“You’re F*n Hilarious!”

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mtomlinson

So I did a show on Friday, and here’s the rundown.

I was asked to do the show about a week prior.   I said yes, though I knew it was going to be tough to pull off, because I hadn’t played since December.  I figured with it being a short set, I could maybe get away with it.  But when show night came, it became clear that no, I was not prepared, and it was way more challenging than I thought it would be.

I said yes based on this:

…with some extra prep time, perhaps this would be true.
Sadly though…there was no magic on Friday night.
this gif is more magical than my show was

I had 8 wonderful supporters come to the show.  I was last to go on, and it was painful to see the 16 other people that came, leave as I played.  I don’t blame them, really.  I wasn’t killing it.  (my soul yes, but not “it”).  3 other people from the previous band stayed (they had to to get paid) and after my train wreck set was done, one of them came up to me and said:

Yep.  There it is again.
Since my very first show, the thing I’ve heard most often after a performance is how funny I am. Versions include:
“You could be a stand-up comedian”
“You remind me of Ellen”
“You’re like Jann Arden”
“Funny as hell”
“Love the stories between the songs”
“Great sense of humour”
“You’ll die laughing at all her stories”
“Superb sense of humour”
While these are all fantastic compliments, it sometimes feels as if people like my stories and my telling of them way more than they like my songs or my singing.  As somebody who has wanted to be a singer all her life, this is a little troubling because all I want to be is a good singer.  Instead, it always seems to turn into…
Admittedly, when I go to live shows, the thing I want to hear are funny stories.  My favourite performers…Bette Midler, Barbra Streisand, Kristin Chenoweth, Idina Menzel…they all tell amazing anecdotes between songs, and that’s what keeps me interested during the show. I already know they have amazing voices and what gets me out to see them is what I can’t hear on a recording…the stories.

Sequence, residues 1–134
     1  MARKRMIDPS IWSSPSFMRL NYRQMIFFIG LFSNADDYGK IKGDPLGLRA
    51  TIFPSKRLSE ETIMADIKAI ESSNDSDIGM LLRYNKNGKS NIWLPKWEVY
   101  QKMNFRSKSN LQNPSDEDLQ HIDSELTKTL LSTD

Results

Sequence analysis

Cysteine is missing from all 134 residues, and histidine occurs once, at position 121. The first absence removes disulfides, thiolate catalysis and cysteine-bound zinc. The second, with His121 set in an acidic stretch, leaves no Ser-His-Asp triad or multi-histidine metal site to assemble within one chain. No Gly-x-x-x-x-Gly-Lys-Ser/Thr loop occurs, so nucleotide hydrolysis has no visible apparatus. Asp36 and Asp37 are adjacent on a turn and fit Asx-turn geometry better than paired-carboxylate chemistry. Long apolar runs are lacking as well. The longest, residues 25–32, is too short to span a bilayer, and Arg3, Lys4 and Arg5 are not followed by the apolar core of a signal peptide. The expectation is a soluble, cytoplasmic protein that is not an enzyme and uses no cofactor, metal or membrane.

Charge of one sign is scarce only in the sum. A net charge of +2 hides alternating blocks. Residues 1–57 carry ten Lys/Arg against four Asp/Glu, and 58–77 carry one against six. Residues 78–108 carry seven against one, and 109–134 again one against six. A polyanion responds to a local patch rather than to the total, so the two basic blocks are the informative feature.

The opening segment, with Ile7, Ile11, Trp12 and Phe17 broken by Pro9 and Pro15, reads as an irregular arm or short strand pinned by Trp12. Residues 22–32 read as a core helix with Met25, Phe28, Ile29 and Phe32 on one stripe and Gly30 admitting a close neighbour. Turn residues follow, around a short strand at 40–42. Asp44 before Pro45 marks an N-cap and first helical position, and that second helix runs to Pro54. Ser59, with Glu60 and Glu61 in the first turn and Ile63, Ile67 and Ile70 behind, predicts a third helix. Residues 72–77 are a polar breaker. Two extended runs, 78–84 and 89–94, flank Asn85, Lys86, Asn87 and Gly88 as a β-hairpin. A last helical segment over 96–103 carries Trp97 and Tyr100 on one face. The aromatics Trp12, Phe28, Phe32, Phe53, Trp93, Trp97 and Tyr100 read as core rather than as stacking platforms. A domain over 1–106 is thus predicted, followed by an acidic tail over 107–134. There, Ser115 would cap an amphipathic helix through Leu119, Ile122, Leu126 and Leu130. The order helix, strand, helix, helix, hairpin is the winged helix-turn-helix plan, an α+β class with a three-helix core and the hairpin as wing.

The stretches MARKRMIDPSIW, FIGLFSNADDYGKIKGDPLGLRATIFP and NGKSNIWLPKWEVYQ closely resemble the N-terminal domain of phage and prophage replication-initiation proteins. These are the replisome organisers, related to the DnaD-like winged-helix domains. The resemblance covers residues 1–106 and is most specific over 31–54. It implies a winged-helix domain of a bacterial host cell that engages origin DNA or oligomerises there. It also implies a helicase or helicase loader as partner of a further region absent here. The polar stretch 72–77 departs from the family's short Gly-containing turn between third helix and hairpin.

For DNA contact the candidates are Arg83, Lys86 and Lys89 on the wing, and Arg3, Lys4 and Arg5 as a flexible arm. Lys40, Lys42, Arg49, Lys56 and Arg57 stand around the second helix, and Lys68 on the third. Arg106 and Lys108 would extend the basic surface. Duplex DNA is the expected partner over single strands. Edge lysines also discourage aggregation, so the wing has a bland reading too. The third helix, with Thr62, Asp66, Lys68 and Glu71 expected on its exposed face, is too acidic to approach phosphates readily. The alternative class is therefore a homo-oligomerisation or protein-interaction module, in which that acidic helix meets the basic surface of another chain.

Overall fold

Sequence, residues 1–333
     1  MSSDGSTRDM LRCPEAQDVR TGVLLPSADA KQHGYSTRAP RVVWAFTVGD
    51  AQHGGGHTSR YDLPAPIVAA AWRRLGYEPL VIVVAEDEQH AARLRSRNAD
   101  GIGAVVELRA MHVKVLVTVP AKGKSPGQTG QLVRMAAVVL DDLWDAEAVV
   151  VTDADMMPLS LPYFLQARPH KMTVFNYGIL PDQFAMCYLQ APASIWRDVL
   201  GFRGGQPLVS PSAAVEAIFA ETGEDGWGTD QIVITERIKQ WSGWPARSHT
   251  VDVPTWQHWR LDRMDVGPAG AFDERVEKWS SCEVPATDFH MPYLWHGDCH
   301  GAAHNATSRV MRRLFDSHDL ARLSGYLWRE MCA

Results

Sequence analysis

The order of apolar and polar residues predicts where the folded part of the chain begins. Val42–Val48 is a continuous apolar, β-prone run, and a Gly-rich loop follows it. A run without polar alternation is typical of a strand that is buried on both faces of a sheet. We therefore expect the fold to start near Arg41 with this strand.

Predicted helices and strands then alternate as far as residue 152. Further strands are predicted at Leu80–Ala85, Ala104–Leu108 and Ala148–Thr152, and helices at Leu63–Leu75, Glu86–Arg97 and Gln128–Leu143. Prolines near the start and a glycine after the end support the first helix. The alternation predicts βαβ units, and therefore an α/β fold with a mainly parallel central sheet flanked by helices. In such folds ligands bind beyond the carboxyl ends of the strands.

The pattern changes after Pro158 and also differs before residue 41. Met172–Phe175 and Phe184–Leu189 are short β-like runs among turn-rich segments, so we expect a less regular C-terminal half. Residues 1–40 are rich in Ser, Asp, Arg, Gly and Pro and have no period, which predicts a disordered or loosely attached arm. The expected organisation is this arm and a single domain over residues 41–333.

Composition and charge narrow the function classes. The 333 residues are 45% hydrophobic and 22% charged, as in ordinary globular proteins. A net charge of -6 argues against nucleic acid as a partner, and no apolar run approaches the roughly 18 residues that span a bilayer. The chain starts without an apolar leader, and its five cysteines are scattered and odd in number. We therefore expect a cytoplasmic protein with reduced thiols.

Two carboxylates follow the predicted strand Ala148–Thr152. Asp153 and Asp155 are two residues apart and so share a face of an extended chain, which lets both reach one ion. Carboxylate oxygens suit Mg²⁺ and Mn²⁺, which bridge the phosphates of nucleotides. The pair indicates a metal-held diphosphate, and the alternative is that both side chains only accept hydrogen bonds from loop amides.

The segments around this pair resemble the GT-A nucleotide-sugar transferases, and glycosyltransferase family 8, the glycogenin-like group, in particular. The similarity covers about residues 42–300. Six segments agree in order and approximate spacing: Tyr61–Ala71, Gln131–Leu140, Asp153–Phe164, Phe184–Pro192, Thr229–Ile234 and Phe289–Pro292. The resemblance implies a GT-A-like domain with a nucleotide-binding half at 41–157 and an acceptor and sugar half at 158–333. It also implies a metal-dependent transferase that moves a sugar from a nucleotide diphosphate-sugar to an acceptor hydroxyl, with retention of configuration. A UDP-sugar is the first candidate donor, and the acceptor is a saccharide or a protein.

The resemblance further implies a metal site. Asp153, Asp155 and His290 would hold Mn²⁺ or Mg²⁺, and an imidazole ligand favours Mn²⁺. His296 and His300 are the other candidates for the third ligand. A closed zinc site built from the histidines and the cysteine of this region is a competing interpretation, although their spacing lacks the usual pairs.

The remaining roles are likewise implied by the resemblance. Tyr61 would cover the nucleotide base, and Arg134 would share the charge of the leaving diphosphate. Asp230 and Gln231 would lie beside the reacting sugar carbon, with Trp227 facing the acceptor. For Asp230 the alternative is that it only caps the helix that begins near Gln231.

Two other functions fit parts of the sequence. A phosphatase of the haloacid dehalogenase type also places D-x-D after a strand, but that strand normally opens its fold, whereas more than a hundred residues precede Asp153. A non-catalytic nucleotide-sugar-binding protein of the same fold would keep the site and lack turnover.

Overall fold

So when I was starting out I wrote out some stories to tell between songs, to model the thing I loved most about other performers.  Little did I know that somehow that would turn into my signature.
Now the question becomes…what am I supposed to do with this information?
As I already talked about, my goals for this year are make a music video and go on tour.  I want to give my debut CD a proper go, and tour to get myself some exposure and also sell a few units of London Girl (I sold 2 on Friday night..yay!).  I even had one of my supporters tell me that The Walk made her cry on Friday night (always a success to make ’em cry).  So there’s material there to make a decent touring show.
I think the thing that eludes me is great accompaniment.  I am not an incredibly talented piano player.   I’ve only been playing for myself since July.  My ukulele skills are new to me, but they are okay.  However, I don’t want to just be okay.  I want to be great! And I think my singing is pretty great. If I weren’t so worried about playing my own instruments, then my singing would be way, way, way better.
But piano players…where are you??
And knowing that my performances sparkle with “comedy gold” (as Cheepay would say), how do I take these comic doubloons and translate them into a show that people want to see?
Should I be thinking about things like a one-woman show? (worked for Whoopi Goldberg, EGOT)
Should I be thinking about doing some stand-up comedy?
Should I be thinking about doing something like these amazing fellows, who blend music and comedy so well that it led to an Oscar?

Should I be thinking about writing a book, like this guy does?

Should I keep on the path I’m already carving out?

where to?

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